Senior Thesis: A Culmination of 12 years at The River Academy

Looming at end of The River Academy education, fearfully whispered about with solemn voices, is the Senior Thesis Project. For more than half the school, the Thesis Project is far in the distance, nothing more than the clouded peak of a high, lonely mountain, far in the distance. It’s something that we don’t need to deal with yet, for it’s five, ten, or even twelve years away. That’s for our future selves to worry about. Out of sight, out of mind.

Not exactly.

While to an extent this is true, and even though the process actually gets under way in the Upper School (10th-12th), it’s also something for which our teachers at TRA begin sowing many seeds in the good, fertile soil that are the minds of our students, regardless of age. The Thesis Project is, ultimately, the culmination of our students years at The River Academy, bringing together everything that they have worked so hard to learn, to understand, to achieve. It represents a synthesis of worldview (all years, in all subjects), grammar (1st-6th grade, all subjects), rhetoric (10th-11th grade), logic (8th-12th grade), the humanities (all years), and yes, the sciences (all years).

Yet, despite the prevalent, pervasive nature of the Senior Thesis Project, for which we have lovingly and purposefully prepared our students for years, there is a fear of that project. That fear, comes from the unknown. Many people, longtime school families, do not understand what the Thesis Project is. We have only “fear itself” to fear, however. Let me attempt to clarify this fearful unknown.

A thesis is a claim that can be proven, an argument. This is something that we try to instill in our students. Our essays must be written with thesis statements driving them. This is to be a thesis paper, in which you propose a thesis—an argument for or against something, looking at the significance of it, and stating a resolution—and then you must support it using research-based evidence.

The Senior Thesis Project is a twenty page thesis-driven (meaning, argument-driven), research-supported essay. In the last week of the Junior year, students will pick a historical, social, economical, governmental, scientific, biblical, rhetorical, or literary topic to research. This will cover the modern era and must be relevant to the current day: any topic that they have the desire and interest to explore further and argue more in-depth. For example, they can choose a person who significantly impacted the world (but not a biography), a religion or worldview that has developed, a battle or war, a technological advancement, a theory of philosophy or government and its effects, or myriad other topics–but know that these are not reports.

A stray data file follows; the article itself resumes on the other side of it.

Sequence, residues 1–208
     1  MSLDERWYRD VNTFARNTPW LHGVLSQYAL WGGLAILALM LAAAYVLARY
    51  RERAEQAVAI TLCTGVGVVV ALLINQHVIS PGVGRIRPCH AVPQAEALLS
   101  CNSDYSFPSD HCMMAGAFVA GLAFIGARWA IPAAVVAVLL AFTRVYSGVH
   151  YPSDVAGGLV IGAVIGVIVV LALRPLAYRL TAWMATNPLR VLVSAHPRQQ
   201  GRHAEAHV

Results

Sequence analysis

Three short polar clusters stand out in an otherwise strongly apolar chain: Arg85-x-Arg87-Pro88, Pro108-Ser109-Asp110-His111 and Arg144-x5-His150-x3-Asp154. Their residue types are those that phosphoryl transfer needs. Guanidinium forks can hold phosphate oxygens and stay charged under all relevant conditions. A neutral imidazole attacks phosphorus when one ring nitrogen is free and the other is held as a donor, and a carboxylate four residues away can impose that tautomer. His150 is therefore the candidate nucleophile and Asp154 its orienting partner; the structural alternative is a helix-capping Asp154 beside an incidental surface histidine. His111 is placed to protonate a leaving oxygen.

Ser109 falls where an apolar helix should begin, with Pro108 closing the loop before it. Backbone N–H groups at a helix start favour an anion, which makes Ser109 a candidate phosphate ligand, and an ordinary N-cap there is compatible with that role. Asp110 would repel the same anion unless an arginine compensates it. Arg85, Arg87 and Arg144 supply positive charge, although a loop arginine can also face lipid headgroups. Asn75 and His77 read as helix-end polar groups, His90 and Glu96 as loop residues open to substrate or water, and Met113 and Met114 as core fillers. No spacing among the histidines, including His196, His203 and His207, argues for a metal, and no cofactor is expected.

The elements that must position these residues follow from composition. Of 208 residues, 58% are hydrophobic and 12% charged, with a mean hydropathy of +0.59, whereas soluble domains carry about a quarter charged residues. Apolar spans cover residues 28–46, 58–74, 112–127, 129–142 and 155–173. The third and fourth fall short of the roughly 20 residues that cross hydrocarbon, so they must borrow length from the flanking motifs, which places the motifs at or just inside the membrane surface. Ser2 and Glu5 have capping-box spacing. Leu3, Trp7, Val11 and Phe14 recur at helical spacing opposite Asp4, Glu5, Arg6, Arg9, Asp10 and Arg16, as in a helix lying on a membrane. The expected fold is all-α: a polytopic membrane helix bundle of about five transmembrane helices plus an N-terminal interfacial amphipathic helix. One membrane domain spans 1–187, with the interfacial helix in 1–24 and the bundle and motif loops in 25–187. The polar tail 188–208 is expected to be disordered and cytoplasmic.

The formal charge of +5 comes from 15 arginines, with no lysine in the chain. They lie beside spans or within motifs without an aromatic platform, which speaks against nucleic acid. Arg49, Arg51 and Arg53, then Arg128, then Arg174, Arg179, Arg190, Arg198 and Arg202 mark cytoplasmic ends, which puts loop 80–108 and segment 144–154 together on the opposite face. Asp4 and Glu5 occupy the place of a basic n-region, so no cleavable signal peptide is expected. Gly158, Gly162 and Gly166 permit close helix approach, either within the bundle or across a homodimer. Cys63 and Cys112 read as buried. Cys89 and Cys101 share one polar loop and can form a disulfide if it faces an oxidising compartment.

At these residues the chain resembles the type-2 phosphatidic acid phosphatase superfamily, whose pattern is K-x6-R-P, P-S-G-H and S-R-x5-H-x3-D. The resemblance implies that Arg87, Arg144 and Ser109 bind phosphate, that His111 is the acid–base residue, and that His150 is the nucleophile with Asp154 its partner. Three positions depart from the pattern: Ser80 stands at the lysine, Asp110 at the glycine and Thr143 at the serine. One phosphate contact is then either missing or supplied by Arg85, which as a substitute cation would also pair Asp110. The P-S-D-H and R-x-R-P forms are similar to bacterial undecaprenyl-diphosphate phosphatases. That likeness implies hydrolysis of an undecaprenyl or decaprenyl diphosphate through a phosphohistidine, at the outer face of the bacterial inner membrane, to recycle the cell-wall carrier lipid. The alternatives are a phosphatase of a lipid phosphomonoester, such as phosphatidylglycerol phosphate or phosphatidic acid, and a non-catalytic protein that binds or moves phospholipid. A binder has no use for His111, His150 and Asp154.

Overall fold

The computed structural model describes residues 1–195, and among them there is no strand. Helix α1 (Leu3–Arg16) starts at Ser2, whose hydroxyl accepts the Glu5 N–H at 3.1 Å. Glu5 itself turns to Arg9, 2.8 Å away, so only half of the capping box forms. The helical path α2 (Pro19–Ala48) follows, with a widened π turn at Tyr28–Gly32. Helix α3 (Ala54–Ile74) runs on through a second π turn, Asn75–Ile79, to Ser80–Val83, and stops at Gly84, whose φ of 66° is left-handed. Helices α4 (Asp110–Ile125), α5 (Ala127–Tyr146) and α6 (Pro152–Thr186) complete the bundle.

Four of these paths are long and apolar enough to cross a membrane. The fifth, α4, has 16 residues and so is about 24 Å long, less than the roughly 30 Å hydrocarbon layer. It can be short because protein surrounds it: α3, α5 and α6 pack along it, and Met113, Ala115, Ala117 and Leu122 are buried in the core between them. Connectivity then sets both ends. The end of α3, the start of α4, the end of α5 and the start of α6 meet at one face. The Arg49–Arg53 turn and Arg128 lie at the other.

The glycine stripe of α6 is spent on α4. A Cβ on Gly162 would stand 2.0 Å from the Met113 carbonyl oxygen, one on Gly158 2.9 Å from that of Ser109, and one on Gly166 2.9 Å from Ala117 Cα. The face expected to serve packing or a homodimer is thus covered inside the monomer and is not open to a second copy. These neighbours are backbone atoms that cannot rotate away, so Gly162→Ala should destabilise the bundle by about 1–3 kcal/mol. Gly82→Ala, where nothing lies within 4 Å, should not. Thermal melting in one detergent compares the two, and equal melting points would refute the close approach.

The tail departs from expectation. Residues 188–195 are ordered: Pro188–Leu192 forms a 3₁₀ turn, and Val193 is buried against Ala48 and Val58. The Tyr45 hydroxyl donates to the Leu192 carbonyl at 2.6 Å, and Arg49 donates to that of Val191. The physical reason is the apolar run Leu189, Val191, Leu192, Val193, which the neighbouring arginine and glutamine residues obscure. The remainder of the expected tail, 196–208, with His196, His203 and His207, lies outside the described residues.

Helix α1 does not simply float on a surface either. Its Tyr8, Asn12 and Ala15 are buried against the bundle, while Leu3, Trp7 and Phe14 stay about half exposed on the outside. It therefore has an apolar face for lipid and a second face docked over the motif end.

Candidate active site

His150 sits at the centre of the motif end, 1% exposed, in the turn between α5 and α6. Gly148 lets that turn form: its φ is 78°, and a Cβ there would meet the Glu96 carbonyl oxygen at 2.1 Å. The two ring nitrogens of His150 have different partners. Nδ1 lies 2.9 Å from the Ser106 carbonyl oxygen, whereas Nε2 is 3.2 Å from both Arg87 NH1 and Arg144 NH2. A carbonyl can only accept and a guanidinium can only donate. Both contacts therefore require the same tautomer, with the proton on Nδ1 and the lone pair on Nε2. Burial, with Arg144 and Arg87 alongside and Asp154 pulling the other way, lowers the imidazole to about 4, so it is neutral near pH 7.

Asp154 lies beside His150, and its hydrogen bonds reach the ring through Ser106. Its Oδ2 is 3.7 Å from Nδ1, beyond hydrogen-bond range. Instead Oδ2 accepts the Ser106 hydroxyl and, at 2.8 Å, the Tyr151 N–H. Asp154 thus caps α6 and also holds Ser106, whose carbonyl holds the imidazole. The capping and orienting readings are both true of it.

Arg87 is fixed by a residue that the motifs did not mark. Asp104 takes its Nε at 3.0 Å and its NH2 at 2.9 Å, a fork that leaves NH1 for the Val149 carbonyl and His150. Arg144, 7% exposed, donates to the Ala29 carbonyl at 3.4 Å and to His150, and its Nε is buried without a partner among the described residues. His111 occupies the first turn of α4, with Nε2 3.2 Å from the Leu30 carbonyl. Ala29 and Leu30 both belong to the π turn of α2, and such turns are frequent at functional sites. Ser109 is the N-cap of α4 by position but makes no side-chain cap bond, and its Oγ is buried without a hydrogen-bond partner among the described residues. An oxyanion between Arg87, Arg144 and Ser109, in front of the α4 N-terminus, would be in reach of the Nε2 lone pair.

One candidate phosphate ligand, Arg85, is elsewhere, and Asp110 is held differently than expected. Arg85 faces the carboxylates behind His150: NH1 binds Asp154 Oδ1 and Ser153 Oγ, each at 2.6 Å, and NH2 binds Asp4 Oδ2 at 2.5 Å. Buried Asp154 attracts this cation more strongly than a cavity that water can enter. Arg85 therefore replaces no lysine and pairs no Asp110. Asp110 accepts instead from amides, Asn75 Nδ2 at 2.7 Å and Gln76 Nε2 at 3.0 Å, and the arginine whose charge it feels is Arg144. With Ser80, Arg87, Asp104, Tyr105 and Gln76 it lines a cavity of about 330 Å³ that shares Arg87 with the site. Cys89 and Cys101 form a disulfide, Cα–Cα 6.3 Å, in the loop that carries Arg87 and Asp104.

This must be a topic about which they could argue from a biblical worldview. That means it cannot contain research alone. They must use that research to argue a point–their topics must inherently contain a debate. They must apply a biblical worldview, taking it further than simply agreeing or disagreeing with a subject. As with any thesis-driven essay, they must point toward something significant. We ask the students what they want to say to the school before they leave.

While all this sounds daunting, the process of this thesis makes it utterly accomplishable. While it is certainly a mountain for our senior to climb, they do not make the ascent alone, nor do they attempt the climb in one go. By the end of this project, they’ll have written two previous theses (Sophomore and Junior), so the process is wholly doable. Each aspect of the Thesis Process is broken down into its parts (note-taking, outlining, bibliography, drafting, revising) over a six-month period. Following the final, perfected revision, these seniors on the verge of graduation will stand before a panel of their teachers and an audience of their peers to deliver a speech based upon their papers. At this point, our seniors will have accomplished something truly remarkable, something that few young men and women in their position have–or can–accomplish.

If our goal at The River Academy is to train the next generation of Christian leaders, this is one of the means by which we hope to assess this. Can they think well? Can they argue well? Can they empathize well? Can they communicate effectively? By the end of their years at The River Academy, they can, with the grace of God and their own hard work.  

Shauna Cenotto